We've released a new version of SermonCentral! Read the release notes here.
Text Illustrations
I’d like to be a track star. How cool would it be to stand before a roaring crowd that has stood to its feet because I set a new record in high jump! And I could do it, you know—if the record for high jump stood at two feet. Unfortunately for me, the record is almost 2.5 meters—well over seven feet. Well, what if I get in a track meet with Senior Citizens—surely, a man in his mid-forties ought to come out well then, you would think. But, sure enough, if I were to enter a Mastertrack competition—designed for men 40 and over, I would wind up competing against someone like Phil Fehlen. Never heard of Fehlen? Well, he witnessed history—he was there in 1956, Phil to witness the first 7-foot high jump, by Charlie Dumas. Forty-two years later, Phil made history himself: a world M60 high jump record of 1.72 (5-7 3/4). And he did it on the Fourth of July, only a day after his 63rd birthday. How good was his jump of 5’7" 3/4? How good was the jump? The Age-Graded Tables at Mastertrack.com show that 1.72 meters at age 63 is equivalent to an open mark of 2.48 -- 8-1 1/2! (MasterTrack.com—accessed through Ask Jeeves)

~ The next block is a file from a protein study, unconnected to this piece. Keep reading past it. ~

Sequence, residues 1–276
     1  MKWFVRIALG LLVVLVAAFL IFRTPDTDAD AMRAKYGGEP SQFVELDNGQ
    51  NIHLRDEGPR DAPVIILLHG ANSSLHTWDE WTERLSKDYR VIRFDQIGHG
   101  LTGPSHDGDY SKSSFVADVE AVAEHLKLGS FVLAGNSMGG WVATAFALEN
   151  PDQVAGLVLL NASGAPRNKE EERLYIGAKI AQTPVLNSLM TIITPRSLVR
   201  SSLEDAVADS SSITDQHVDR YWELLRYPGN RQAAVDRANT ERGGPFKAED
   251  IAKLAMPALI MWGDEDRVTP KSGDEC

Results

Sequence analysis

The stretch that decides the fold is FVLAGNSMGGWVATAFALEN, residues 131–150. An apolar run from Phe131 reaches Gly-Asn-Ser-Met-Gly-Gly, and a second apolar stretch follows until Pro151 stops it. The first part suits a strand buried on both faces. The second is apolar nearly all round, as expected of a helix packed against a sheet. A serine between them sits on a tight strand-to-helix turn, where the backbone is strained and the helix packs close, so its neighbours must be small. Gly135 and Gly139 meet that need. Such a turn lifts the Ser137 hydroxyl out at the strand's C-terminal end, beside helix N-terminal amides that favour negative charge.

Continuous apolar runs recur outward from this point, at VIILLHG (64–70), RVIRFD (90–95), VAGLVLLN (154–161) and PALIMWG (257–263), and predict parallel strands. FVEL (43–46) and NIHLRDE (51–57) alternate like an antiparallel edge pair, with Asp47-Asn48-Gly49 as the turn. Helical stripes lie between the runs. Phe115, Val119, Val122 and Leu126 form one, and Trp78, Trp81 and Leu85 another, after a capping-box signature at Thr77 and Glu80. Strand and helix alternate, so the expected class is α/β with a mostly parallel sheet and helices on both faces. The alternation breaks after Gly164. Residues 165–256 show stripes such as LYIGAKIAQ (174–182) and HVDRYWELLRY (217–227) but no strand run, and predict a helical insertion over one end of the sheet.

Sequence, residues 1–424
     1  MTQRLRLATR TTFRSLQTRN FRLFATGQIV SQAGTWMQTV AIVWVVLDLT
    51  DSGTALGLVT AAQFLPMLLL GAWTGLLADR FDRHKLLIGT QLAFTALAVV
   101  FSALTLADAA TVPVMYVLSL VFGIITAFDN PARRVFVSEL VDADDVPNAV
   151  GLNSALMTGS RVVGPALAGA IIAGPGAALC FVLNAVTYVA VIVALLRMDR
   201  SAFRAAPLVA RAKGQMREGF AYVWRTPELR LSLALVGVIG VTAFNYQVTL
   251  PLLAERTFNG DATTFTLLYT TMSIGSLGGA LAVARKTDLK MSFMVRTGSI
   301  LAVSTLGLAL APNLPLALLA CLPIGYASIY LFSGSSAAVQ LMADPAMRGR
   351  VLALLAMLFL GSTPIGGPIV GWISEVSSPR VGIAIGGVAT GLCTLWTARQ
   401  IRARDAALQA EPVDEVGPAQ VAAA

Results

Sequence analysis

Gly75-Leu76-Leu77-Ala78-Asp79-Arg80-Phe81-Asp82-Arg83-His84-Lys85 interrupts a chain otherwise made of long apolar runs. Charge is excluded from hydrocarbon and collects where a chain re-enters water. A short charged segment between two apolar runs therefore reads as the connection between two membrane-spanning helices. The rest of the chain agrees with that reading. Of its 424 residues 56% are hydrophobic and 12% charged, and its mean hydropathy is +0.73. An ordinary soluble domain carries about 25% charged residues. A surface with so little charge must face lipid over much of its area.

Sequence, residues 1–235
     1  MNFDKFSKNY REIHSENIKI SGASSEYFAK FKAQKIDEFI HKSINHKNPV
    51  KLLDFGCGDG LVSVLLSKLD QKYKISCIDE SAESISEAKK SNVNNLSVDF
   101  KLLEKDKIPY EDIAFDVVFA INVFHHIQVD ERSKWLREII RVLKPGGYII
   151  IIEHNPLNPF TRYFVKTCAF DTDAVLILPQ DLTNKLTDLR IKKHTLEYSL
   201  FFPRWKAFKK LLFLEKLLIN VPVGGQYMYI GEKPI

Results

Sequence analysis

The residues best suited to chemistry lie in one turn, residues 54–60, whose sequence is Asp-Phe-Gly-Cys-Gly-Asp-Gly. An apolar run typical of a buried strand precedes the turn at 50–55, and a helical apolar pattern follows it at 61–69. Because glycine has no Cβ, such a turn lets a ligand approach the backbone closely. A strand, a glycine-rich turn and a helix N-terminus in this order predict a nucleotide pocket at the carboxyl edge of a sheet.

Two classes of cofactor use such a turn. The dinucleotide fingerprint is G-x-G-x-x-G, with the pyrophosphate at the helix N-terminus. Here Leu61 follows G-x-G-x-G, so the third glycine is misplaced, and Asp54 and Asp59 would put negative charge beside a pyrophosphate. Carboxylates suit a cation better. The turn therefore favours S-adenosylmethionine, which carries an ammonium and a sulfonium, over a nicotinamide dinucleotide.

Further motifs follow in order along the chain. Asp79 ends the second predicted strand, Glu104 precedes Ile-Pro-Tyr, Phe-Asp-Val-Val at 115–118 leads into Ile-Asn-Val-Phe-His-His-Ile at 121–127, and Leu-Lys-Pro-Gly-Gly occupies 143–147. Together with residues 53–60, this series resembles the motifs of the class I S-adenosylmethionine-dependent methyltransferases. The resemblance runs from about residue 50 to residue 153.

And that’s the problem with me being a high jump star—the bar is too high—I can’t jump five feet much less seven. The standard is just too high.